Unfortunately, this data gap isn’t just an inconvenience — it affects fundraising as well. Regardless of the funding trackers you consult, the data shows that funding to African startups has taken a significant hit — with the ecosystem, for instance, experiencing its largest year-on-year quarterly drop in Q3 and Q4 2022 at 52% and -63%, respectively. While other factors amid the global funding meltdown may have contributed, the lack of data that limits investors’ knowledge to fully evaluate opportunities in the ecosystem is also not far-fetched. Investors rely on data to make informed decisions, and the absence of reliable and comprehensive data on market potential and growth prospects across the African tech startup ecosystem leaves them cautious and hesitant. This limited knowledge translates into reduced investments and slower dealmaking, hindering the growth of early-stage companies.
The latest State of Tech in Africa report (Q1 2023) by TechCabal Insights revealed a trend of stricter due diligence accompanying the deployment of VC funds by tech investors, resulting in a sharp slowdown in dealmaking across the continent. In March 2023, African startups secured only $66 million in capital, an all-new lowest figure since August 2020, according to funding data now from the Big Deal. While multiple factors may contribute to this decline, data gaps can significantly reduce due diligence. Investors face difficulties accessing accurate financial information, historical performance data, and customer insights. The lack of verifiable data and metrics heightens risk perception and prolongs due diligence periods, as investors, particularly those unfamiliar with the African region, seek alternative means to fill information gaps. According to a survey by Partech Africa, 80% of African startups struggle to access early-stage funding. Africa’s data gap creates an additional barrier, making it even more challenging for early-stage startups to secure the necessary funding for growth, underscoring the urgency for data-driven insights to attract capital.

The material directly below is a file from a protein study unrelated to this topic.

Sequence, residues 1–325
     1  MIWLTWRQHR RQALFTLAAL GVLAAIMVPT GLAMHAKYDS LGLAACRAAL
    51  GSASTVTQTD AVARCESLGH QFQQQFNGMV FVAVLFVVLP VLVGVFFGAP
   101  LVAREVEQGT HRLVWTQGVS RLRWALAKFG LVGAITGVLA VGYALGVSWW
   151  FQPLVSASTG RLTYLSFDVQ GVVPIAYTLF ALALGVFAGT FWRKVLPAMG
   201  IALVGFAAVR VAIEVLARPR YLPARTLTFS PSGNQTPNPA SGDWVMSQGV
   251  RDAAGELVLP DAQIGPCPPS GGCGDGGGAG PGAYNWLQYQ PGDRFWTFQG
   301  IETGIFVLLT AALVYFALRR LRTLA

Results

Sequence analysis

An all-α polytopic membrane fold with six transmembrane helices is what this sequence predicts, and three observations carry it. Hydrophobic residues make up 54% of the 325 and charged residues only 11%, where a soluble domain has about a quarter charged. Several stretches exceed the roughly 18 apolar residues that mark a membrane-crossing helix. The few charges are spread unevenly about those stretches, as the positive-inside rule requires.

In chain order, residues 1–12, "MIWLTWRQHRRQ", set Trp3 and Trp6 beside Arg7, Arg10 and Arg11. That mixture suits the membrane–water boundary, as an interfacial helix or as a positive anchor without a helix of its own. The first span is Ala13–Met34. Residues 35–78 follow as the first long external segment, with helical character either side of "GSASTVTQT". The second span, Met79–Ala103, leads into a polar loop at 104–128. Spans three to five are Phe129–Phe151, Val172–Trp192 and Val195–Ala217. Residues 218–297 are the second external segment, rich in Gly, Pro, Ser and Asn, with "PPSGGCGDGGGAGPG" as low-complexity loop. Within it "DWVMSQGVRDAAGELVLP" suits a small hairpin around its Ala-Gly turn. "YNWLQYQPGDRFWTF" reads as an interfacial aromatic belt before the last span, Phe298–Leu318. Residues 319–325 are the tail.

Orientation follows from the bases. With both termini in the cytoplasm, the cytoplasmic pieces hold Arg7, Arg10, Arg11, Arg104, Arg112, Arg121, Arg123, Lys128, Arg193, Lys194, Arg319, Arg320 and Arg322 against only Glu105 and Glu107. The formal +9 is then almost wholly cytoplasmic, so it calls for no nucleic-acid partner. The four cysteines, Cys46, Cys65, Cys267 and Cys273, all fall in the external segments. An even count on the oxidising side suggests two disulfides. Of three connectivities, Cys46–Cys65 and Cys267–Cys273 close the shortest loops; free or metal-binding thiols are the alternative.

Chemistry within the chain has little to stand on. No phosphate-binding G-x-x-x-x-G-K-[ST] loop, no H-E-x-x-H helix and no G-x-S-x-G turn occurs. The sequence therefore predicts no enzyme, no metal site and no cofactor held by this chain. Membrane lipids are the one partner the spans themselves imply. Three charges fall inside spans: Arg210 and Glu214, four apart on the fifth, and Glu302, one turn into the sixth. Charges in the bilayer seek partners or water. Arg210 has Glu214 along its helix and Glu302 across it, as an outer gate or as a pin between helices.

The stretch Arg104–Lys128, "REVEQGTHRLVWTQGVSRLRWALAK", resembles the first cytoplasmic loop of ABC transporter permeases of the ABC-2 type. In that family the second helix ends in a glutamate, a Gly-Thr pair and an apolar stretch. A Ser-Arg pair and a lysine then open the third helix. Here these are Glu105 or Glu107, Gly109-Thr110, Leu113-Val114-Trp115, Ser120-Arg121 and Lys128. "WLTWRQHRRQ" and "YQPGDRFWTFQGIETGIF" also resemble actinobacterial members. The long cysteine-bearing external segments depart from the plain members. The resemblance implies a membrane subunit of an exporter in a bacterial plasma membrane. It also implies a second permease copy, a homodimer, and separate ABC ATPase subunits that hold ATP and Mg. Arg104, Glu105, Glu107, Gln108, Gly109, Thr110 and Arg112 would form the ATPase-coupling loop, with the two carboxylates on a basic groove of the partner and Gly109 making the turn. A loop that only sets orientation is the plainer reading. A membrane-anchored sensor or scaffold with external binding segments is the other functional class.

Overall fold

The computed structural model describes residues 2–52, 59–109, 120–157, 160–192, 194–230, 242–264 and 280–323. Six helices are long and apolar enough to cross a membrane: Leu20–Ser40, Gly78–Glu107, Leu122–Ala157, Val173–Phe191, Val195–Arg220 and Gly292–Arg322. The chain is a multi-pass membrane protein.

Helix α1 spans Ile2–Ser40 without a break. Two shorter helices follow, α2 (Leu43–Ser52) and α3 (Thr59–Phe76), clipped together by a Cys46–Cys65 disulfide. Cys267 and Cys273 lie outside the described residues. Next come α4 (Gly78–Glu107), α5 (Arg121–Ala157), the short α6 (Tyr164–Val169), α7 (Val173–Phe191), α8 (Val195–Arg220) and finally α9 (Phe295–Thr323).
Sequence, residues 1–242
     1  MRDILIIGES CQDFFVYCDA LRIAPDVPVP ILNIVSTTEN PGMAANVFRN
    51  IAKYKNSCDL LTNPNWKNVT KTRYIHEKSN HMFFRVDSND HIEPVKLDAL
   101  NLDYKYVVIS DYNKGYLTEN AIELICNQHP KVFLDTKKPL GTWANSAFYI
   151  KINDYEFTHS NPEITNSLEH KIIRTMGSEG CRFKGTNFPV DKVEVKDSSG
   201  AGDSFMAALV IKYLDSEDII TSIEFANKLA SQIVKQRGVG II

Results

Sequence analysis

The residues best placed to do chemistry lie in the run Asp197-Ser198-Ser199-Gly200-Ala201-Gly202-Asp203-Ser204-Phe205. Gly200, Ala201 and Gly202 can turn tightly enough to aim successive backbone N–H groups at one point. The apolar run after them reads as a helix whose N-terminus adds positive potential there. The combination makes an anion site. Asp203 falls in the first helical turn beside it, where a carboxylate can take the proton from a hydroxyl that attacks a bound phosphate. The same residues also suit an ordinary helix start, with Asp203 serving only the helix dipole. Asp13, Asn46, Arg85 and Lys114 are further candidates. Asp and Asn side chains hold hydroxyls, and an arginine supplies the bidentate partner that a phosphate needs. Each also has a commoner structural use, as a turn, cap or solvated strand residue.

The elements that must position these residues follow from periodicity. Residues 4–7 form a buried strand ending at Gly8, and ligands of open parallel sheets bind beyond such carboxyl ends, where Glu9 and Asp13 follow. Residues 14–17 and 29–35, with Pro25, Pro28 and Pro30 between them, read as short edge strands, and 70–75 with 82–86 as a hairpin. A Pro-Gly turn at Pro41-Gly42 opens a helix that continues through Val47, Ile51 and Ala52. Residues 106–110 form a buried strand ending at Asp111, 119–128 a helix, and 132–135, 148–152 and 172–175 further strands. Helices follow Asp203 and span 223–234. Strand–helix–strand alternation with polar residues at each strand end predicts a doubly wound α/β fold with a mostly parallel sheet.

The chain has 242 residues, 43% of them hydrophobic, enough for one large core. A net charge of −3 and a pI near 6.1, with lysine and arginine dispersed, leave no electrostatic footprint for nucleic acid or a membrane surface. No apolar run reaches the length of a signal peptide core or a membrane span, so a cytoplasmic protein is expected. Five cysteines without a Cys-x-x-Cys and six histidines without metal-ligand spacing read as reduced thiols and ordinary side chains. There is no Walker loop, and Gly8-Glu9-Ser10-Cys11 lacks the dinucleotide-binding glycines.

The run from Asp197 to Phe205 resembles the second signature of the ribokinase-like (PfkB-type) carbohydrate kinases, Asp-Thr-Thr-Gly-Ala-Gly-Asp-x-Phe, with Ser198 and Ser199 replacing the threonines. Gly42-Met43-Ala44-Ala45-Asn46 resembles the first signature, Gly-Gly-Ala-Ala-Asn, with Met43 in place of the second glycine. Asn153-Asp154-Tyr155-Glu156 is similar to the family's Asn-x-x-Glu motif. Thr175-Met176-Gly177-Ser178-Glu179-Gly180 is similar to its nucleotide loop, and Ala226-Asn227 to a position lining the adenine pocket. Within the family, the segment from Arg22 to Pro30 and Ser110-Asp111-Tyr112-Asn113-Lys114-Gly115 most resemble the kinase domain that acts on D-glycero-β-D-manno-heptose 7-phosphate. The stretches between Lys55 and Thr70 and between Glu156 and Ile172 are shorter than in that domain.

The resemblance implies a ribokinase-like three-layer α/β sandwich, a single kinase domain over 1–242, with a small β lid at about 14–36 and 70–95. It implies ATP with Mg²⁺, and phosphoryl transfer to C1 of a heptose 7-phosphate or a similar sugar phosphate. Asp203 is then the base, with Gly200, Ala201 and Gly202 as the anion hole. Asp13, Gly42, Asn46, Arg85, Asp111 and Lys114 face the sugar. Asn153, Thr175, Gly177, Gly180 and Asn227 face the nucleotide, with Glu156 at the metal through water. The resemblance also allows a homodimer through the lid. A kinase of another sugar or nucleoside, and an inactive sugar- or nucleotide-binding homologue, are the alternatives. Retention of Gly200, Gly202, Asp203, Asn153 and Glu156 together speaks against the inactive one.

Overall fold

Intelligence will help African startups